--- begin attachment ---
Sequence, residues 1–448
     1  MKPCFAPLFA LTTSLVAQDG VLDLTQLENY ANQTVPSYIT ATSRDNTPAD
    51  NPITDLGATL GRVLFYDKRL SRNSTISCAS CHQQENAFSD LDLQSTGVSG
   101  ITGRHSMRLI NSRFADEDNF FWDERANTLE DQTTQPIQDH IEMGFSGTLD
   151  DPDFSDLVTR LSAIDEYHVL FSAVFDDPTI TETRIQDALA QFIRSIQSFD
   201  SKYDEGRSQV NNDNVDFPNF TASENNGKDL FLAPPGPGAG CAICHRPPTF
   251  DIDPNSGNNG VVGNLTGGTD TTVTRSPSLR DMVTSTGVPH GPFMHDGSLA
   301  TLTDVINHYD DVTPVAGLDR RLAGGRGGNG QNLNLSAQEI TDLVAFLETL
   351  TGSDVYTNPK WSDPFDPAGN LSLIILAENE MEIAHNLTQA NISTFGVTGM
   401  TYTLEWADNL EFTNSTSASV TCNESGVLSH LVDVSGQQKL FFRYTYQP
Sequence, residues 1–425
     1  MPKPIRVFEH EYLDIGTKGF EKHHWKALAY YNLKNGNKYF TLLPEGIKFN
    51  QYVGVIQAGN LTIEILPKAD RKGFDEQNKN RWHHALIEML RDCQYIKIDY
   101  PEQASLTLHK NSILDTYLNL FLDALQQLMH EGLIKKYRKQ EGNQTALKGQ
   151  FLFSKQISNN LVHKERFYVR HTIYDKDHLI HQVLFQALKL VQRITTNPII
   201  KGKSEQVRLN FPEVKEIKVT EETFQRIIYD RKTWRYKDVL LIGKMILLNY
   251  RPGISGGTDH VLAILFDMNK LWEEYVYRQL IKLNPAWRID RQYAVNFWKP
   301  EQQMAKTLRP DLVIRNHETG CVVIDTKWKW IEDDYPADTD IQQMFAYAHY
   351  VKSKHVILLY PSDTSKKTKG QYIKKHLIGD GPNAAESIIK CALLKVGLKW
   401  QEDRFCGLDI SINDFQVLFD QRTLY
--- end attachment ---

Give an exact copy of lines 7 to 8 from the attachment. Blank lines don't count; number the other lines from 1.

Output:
   251  DIDPNSGNNG VVGNLTGGTD TTVTRSPSLR DMVTSTGVPH GPFMHDGSLA
   301  TLTDVINHYD DVTPVAGLDR RLAGGRGGNG QNLNLSAQEI TDLVAFLETL